Similar to Subramaniam and Stewart, Walker also spent time exploring a non-music field. Though she was born into a musical family and began taking piano lessons from her great aunt at 4 years old, for much of her high school career, Walker had the goal of being a pre-medicine major in college.
As a high school sophomore, the Johnson City, Tenn. native started taking piano lessons with a professor at nearby East Tennessee State University. That’s when she says “everything just serendipitously fell into place.”
Walker received a full scholarship to major in piano performance at East Tennessee State and graduated with her Bachelor of Music in 2007. But she was never truly happy as a performance major and suffered a hand injury as an undergraduate, which prompted her to study musicology as a graduate student.
So, after earning her Master of Arts in Historical Musicology and Theory from Stony Brook University in 2009, Walker returned to ETSU to teach choral literature. She’s also taught multiple community college music courses.
Walker will complete her Ph.D. and her dissertation entitled, “Sounding the Ralliement: Republican Reconfigurations of Catholicism in the Music of Third-Republic Paris, 1880-1905,” this month. In the fall, she’ll begin teaching music at North Carolina Central University, starting with introduction to music and music history courses.
“I’ve always been interested in teaching at the university level,” Walker said. “When I was an undergraduate, I was often asked to fill in for professors who had to miss class for whatever reason. I always enjoyed doing that — though it was strange to be teaching my friends. For me, teaching is an opportunity to share what I love with other people.”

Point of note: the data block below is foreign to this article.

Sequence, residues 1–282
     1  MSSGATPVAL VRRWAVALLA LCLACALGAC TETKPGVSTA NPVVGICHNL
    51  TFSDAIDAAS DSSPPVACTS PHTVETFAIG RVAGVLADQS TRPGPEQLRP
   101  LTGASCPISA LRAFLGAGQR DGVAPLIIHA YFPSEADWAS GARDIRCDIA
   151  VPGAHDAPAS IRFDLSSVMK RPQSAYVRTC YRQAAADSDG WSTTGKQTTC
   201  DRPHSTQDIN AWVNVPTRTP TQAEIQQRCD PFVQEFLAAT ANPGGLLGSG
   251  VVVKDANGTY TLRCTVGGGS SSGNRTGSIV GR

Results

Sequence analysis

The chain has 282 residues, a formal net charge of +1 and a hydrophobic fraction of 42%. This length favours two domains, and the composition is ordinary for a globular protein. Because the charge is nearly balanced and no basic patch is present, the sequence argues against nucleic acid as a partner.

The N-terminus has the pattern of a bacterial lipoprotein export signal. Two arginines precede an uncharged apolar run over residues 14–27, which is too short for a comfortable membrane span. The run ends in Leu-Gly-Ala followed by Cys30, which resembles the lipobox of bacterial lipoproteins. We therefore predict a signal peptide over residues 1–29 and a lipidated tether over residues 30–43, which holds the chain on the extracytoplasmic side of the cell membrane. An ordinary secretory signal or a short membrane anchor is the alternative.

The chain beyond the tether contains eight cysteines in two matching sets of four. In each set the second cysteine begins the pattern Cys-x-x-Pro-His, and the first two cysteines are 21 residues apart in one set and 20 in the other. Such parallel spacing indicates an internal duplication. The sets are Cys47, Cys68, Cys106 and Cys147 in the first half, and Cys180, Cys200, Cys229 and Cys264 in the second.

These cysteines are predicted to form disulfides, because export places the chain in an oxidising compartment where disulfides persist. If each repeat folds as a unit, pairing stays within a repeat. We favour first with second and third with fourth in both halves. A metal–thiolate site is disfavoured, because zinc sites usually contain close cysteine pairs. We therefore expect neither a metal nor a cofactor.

While Subramaniam, Stewart and Walker are all happy they found their respective callings, the road to doing so wasn’t always smooth. Subramaniam often hustled from research labs to band rehearsals, from chemistry to music history courses. Stewart spent a few summers taking courses to complete requirements for both majors in four years.
“I’m not gonna lie to you — it’s not (always) been a fun ride,” Subramaniam said. “There are times when I’m beyond tired. There’s times when I really need to study for a test on Monday, but I’ve got a concert on Friday and Saturday.”
At one point in his undergraduate career, he had to ask himself: “Do you love these things enough that you’re willing to do both this much?”
But, just as with Stewart and Walker, Subramaniam wouldn’t have had it any other way.
“I need them both to be a successful human being and go into my future,” Subramaniam said. “With music, there’s just so much that I’ve learned in the background that when I go into a medical office, it’s like, ‘Hey, what if we thought about this in just a different way?’ And I attribute that completely to studying music.”
All three are grateful for the lessons they’ve learned through their various academic pursuits, especially the ones they’ve learned within the three buildings that house the UNC Department of Music.
“Music has just been my life, and I think it always will be, no matter what I end up doing with my future,” Stewart said.